We all have days or a time of day when we sat down, felt motivated, and got a ton of stuff done with no obstacles or issues. We have also had days where no matter what we do, we can’t seem to get anything done. Every little thing distracts us from the task at hand. Until recently, I thought this was just “luck of the draw” – you know, good days and bad days. You can’t control it, you just have to roll with it. Thankfully, I’ve learned you do have some control over your days with regard to productivity and procrastination.
Earlier this month, while I was having an “off” day, getting distracted at every turn, one of my distractions led me down a YouTube rabbit hole and one of the videos I watched happened to mention something called a flow state. You may have heard this term before, but I had not. It was like someone turned on the light in my head. I was immediately filled with hope, thinking, someone gave this feeling a label, meaning it is officially a “thing”, meaning I should be able to recreate it.
A flow state can be defined many ways, Asana describes it as “that hard-to-describe feeling of being so in the zone that everything else falls away. When you’re in the flow, you’re totally immersed in whatever you’re doing to the point that you often lose track of time or ignore outside distractions. During flow state, you unlock a sense of effortless attention to the task at hand – as a result, being in the flow can be an energizing experience.”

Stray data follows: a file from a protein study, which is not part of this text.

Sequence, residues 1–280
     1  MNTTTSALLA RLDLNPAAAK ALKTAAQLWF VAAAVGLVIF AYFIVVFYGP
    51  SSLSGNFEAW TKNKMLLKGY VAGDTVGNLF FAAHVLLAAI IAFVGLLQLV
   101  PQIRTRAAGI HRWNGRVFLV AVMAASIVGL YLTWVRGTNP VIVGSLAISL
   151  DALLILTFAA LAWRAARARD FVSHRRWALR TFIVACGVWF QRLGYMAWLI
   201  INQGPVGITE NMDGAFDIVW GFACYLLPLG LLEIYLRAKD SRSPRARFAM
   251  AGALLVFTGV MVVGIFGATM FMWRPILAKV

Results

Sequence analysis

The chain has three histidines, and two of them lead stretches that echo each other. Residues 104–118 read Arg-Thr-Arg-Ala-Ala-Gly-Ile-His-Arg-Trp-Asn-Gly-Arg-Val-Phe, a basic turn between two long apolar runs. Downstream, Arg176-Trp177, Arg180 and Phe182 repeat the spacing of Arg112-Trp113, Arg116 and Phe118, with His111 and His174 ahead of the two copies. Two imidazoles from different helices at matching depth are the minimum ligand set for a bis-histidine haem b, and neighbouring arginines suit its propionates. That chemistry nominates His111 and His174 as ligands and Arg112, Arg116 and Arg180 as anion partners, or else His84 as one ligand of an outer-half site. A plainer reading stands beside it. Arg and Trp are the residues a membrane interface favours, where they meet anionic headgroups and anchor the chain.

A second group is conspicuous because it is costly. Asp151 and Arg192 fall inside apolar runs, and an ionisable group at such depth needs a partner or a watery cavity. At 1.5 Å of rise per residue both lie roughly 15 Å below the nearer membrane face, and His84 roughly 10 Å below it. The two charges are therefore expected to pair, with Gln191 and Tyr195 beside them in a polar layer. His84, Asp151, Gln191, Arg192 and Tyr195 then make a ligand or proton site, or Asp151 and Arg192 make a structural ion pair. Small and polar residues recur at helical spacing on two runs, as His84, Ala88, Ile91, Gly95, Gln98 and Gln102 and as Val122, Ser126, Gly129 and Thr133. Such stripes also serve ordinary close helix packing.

The article goes on to list 8 contributing factors to a flow state, as coined by Mihaly Csikszentmihalyi and if you can engage some or most of these characteristics, you can bring on a flow state any time you want. The 8 factors are:
Clarity of goals and immediate feedback
Intense, focused concentration on a specific task
Balance between skills and challenge
Sense of personal control and agency over the task
Loss of reflective self-consciousness
Time distortion or altered sense of time
Consolidation of action and awareness
Autotelic experience (flow state is intrinsically rewarding)
Here’s how to set up your work day to inspire a flow state:
Choose clear goals. Know where you’re going and make sure you give yourself little “wins” (feedback) along the way.
Make it challenging. I always find I’m more motivated when I’m learning something new or finding an answer to a problem.
Limit distractions. Turn off your phone. Silence email notifications. Put a sign on your door. Avoid multi-tasking.
Figure out your personal success factors such as music, temperature, time of day, beverage…
Figure out what kind of work you like to do. Doing work you like to do is likely to induce a flow state and you can tack on a couple tasks that you hate to do at the end while you’re still feeling good.
For many people, a flow state is more easily achieved in the morning. The problem is, this is when many people are checking email, sitting in meetings, or catching up on items from the day before. For me, the morning is spent homeschooling my kids. This means that I have to actively bring on a flow state later in the day in order to maximize my productivity.
I heard a little nugget the other day, “the morning is for making, and the afternoon is for managing.” If you are able to redesign your day so the morning is saved for special work and projects, and the afternoon “slump” time is used for menial tasks such as email, you’re more likely to benefit from the flow state.
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